|Burn these bills?|
I joked last week about a current trend of economists' recommending elimination of large-denomination currency like $100 bills and 500-Euro notes in order to protect ourselves from global terror and crime cartels. My suggestion was to get rid of the U.S. penny instead.
In the last several days, serious people have attacked the no-high-currency agenda as part of a larger concern -- the increasing chance that negative interest rates will reduce the value of personal savings.
James Grant, editor of the always-interesting Grant's Interest Rate Observer noted this in an interview the other day.
. . . you hear this persistent . . . drum beat in Bloomberg and the
Financial Times and other organs of advanced monetary thinking,
which is that we must retire, we must get rid of these large
denominations because they compromise central bank control.
They facilitate terrorism and terroristic financing because they are
the very essence of money laundering; we must get rid of them. Well, these thoughts are widespread, and what
precedes implementation of these ideas is a discussion of them.
I think this is coming.
Negative Interest Rates
Meanwhile, central banks have been adopting negative interest rates for money they hold on deposit from commercial banks. Currently, Credit Suisse loses 75 francs annually for each 1,000 francs it parks in the National Bank of Switzerland. The European Central Bank rate is -0.30%; Sweden's is -0.50; Denmark's -0.65%; and Japan's -0.10%.
The goals of negative rates are to push money out of banks and into investments, and to increase currency inflation and decrease the value of a currency in the interest of promoting exports.
This doesn't always work, unfortunately; Japan's currency value has increased 10 percent against the dollar since it adopted its negative rate two months ago.
Fed Rates in the U.S.
Last year, the Federal Reserve appeared to buck the negative interest rate trend. After holding its rate near zero since 2008, the Fed raised the rate to 0.25 percent in December.
Talk at the time suggested there would be four additional bumps in 2016. Then economists said maybe only two bumps. Then zero bumps. By mid January, James Grant was saying the Fed should cancel the December increase and go back to the zero rate.
Then, last month, the Economist reported that the Fed had asked large American banks to estimate the effects (on the banks' balance sheets) if short-term treasury yields were to go negative -- say to -0.5% -- for a period of years.
We live in wild times now.
Interest Rates for Consumers
None of this means that your local bank will start charging you to have a savings account before the snow melts. If negative rates are adopted, the largest depositors will be the first to feel the pain.
On the other hand, a simple savings account at Bank of America currently pays 0.1% interest. If there is any inflation at all, the value of your savings already is declining.
Back to James Grant, who explains the obvious.
Interest rates are positive, because, in general, people prefer things now rather than
later. There's a reward for waiting, a reward paid to the saver for waiting, and that's
Negative interest rates seem to turn that aspect of human psychology on its head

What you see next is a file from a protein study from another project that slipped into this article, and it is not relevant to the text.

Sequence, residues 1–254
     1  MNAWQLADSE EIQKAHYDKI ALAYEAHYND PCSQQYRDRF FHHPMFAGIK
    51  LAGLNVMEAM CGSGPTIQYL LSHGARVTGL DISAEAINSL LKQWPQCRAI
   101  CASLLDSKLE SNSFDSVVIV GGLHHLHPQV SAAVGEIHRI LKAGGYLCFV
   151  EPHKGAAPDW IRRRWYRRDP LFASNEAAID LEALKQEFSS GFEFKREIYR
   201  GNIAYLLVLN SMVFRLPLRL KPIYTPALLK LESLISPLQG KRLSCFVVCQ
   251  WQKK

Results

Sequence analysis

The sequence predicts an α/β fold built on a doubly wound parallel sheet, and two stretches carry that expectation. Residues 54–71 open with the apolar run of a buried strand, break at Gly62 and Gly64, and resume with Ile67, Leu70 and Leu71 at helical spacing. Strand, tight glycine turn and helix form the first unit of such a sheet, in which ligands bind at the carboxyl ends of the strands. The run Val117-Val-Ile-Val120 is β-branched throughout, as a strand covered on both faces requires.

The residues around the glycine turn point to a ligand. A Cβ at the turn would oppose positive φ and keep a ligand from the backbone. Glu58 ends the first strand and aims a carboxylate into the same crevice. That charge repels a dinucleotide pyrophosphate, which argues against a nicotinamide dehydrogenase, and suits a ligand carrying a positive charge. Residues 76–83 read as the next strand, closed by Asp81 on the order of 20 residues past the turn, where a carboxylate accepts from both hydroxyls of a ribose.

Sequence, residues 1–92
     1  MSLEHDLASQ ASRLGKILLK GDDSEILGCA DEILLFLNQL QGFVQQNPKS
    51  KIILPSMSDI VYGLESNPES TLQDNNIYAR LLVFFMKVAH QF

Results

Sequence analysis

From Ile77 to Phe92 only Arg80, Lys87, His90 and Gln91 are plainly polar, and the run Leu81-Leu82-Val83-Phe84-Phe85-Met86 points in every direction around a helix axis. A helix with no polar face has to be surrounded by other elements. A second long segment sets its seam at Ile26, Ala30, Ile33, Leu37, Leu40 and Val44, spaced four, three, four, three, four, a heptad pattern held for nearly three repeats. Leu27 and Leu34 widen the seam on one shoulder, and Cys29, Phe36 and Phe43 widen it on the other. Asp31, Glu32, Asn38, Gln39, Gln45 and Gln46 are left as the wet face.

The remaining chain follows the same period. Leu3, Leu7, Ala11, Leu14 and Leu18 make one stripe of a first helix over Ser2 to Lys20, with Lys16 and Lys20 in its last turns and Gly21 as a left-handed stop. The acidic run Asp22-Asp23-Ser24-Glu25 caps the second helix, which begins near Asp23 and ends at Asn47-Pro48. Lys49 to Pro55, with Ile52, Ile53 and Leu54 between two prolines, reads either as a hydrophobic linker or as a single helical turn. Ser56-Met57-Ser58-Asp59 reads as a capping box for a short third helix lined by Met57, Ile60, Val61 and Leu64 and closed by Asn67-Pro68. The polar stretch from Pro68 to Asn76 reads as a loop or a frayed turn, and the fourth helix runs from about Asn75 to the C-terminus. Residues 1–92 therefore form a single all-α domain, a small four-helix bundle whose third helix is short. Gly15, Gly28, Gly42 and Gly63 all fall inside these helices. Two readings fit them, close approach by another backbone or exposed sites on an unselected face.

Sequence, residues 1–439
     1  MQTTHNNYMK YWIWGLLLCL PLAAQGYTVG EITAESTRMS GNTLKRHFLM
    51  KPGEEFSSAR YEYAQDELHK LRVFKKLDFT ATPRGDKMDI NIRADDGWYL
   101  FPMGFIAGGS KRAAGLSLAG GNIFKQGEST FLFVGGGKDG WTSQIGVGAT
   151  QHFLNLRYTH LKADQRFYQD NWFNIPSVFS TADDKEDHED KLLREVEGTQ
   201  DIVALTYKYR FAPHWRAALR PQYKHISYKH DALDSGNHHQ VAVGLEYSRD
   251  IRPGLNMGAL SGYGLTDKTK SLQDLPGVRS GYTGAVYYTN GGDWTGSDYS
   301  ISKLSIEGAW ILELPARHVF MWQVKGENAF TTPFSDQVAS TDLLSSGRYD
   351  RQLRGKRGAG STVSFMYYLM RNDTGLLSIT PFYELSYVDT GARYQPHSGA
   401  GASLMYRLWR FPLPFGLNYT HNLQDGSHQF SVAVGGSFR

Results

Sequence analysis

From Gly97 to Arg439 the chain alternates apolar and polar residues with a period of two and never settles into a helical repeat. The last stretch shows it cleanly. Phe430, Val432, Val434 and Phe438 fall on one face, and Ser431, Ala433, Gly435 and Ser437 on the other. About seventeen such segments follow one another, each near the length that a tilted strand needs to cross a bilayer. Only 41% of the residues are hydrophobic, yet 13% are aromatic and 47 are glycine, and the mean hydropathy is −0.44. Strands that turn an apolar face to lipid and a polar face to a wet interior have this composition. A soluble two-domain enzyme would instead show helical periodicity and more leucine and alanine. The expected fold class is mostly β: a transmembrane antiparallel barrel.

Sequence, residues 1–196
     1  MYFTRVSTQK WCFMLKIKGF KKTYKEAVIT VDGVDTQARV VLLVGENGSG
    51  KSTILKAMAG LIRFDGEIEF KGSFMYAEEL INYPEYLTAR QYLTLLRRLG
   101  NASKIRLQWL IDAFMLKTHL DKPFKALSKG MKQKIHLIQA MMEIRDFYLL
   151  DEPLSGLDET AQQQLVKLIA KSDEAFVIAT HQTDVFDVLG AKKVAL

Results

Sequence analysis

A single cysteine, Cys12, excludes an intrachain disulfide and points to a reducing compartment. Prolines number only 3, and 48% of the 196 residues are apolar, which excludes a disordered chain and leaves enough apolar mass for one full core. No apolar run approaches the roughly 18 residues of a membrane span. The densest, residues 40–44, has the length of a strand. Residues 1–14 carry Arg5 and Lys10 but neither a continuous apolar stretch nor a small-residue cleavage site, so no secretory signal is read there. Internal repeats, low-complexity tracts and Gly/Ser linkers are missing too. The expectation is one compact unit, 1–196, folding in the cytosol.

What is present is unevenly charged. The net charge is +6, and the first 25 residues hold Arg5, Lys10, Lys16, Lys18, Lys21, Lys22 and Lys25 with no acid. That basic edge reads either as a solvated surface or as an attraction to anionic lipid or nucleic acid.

and they reward you for wanting something now. It doesn't make sense. So negative
interest rates are a conceit of the academic economists who run the monetary
institutions of the world. I think the theory is dubious and the practice, as we have seen
it so far, is equally doubtful.
This week Gross released a widely circulated analysis of the current interest rate environment.
His theme was that credit -- the loans and bonds that funded businesses and grew the economic pie and the expansion of government programs -- has been changed utterly in recent years.
His targets were low-to-negative interest rates.
Private sector savers are growing leery of debt piled upon debt and government regulators
have begun to build fences against further rampant creation. In addition, the return offered
on savings/investment whether it be on deposit at a bank, in Treasuries/ Bunds, or at
extremely low equity risk premiums, is inadequate relative to historical as well as
mathematically defined durational risk.
The recent collapse in worldwide bank stock prices can be explained not so much by
potential defaults in the energy/commodity complex, as by investor recognition that
banks are now not only being more tightly regulated, but that future ROE’s will be much
akin to (those of) a utility stock.
Gross also warned against the equity of insurance companies that forecast performance based on future annual investment returns of 7% to 8%. He said that government pensions funds, many underwater already, also are assuming unachievable high returns to pay for promised retirement benefits.
He also warned us little people.
And the damage extends to all savers; households worldwide that saved/invested money
for college, retirement or for medical bills. They have been damaged, and only now are
becoming aware of it. Negative interest rates do that.
Then Gross echoed James Grant's original point:
There is a somewhat suspicious uniform attack on high denomination bills of global
currencies. Noted . . . (leaders) all seem suddenly concerned that 500 Euro or 10,000
Yen notes are facilitating drug dealers and terrorists (which they are). But what’s an
economist/central banker doing opining on law enforcement?
It appears that the one remaining escape hatch for ordinary citizens is being closed.
Money in a mattress will (soon) be associated with drugs/terror. The cashless society
which appears over the horizon may come sooner than the demise of the penny!
Give a 500 Euro/take a 500 Euro is in our future I guess. Both that and the lowly penny
will be equally scorned.